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  • Telehealth: Ensure that telehealth flexibilities put in place during the public health emergency are extended and expanded in the most appropriate manner beyond the pandemic
  • Payment and Delivery System Reforms: Halt harmful Medicare physician payment cuts scheduled to take effect in 2023 as a result of complex budget rules and systemic flaws to the underlying Medicare fee schedule
  • Public Health and Pandemic Preparedness: Support funding for federal agencies/initiatives that invest in public health research and pandemic preparedness, such as the Centers for Disease Control and Prevention, the National Institutes of Health, gun violence research
  • Mental and Behavioral Health: Support efforts to address the mental and behavioral health crisis among clinicians and patients, including improving the integration of such services into the primary care setting
  • Physician Workforce: Invest in federal workforce programs that expand the primary care physician workforce, such as the Title VII Health Professions Program, Graduate Medical Education, and loan deferment initiatives
  • Social Justice Reforms: Advance social reforms that contribute to a more equitable, diverse, and inclusive society like instituting federal paid family and medical leave benefits and eliminate disparities that can serve as barriers to accessing health care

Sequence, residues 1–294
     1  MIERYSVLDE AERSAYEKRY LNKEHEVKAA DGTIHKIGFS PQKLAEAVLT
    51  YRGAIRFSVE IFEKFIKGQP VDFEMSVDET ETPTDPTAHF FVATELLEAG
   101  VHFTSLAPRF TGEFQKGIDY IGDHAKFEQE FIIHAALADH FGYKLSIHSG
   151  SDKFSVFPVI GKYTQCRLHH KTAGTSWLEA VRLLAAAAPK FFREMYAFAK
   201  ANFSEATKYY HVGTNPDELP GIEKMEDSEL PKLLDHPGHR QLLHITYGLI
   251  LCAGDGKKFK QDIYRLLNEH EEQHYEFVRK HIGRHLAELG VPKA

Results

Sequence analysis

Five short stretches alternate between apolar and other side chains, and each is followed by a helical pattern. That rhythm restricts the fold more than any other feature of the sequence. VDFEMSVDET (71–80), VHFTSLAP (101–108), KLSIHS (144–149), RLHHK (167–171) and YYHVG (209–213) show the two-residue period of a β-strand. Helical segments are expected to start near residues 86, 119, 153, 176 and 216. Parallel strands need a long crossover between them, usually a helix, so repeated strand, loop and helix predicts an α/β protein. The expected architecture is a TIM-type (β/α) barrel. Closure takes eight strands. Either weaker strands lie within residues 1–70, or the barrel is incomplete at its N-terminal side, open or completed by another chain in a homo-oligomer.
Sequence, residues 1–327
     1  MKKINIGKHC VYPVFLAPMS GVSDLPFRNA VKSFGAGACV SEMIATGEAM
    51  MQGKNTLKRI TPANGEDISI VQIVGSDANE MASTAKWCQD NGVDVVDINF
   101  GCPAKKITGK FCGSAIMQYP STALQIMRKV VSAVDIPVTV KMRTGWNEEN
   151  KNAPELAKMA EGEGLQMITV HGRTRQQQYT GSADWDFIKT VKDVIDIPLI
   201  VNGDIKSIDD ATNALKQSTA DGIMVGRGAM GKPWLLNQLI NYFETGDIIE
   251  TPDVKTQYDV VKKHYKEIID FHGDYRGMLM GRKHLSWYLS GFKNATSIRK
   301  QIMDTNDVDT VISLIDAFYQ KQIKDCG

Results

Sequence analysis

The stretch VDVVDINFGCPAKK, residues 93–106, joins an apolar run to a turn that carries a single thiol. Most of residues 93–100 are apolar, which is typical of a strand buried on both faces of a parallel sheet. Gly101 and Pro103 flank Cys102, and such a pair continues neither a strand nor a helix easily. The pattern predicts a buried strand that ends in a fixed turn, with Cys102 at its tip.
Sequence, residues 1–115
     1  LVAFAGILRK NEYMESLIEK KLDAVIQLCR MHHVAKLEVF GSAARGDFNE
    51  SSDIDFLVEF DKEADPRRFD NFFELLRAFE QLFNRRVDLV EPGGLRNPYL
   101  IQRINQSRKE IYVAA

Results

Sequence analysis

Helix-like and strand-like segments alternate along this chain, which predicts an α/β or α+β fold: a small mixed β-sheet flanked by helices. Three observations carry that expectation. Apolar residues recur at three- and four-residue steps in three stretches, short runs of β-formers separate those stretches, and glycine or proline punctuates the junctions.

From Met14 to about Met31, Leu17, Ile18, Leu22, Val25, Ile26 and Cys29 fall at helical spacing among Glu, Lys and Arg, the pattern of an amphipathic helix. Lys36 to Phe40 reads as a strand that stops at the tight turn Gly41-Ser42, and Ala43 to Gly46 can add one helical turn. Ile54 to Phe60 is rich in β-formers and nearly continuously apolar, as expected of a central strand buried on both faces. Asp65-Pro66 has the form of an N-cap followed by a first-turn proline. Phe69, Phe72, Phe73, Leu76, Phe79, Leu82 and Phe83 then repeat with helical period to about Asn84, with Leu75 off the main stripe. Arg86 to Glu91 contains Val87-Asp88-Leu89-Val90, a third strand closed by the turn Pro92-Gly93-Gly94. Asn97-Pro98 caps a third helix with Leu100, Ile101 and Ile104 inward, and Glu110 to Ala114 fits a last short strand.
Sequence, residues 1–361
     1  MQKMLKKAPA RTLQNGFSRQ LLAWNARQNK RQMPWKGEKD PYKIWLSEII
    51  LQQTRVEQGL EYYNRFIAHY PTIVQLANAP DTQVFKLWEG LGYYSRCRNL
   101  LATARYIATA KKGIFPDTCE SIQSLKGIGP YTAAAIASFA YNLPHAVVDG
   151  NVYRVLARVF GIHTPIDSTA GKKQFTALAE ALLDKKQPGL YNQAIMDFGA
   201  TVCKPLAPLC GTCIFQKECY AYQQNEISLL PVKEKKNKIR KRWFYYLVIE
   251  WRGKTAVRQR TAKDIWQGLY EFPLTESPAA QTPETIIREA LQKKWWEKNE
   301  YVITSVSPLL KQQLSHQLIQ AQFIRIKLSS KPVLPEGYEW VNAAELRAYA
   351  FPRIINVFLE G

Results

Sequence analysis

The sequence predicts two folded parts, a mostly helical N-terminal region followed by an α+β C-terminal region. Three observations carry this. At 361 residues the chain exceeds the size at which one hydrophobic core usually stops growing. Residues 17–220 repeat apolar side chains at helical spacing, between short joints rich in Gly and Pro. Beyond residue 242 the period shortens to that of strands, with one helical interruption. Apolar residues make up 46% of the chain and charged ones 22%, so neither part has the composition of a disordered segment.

• Women’s Health: Oppose any efforts to interfere with the physician-patient relationship and create barriers to accessing evidence-based care that could occur if women’s reproductive rights under Roe v. Wade are overturned or limited by an upcoming Supreme Court ruling and ensure continued access to federally sponsored women’s health programs, including Title X, a grant program dedicated to providing individuals with comprehensive family planning and related preventive health services
  • Prescription Drugs: Increase transparency and enact other measures to lower excessive prescription drug prices, and curb practices, including misuse of step therapy, that inhibit access to affordable treatments and medications
  • Climate Change and Health: Urge lawmakers to authorize and fund climate change mitigation initiatives that will improve public health and lend themselves to a more sustainable environment

The Role of Chapters and ACP Members

The involvement of our chapters and our ACP Advocates is a vital component to the effectiveness of our advocacy efforts, and that includes your participation in Leadership Day.  This event is our most critical advocacy event of the year, providing you the opportunity to learn about and advocate for ACP’s health care priorities, have valuable time with members of Congress, and most importantly provide the clinician perspective on how policies being contemplated by Congress impact your patients. Your voice and your involvement, as constituents, in the legislative process can make all the difference in whether your lawmakers support or oppose a given policy reform. As always, we appreciate the time that you take away from your practice, your patients, and your family to advocate with us for the greater good.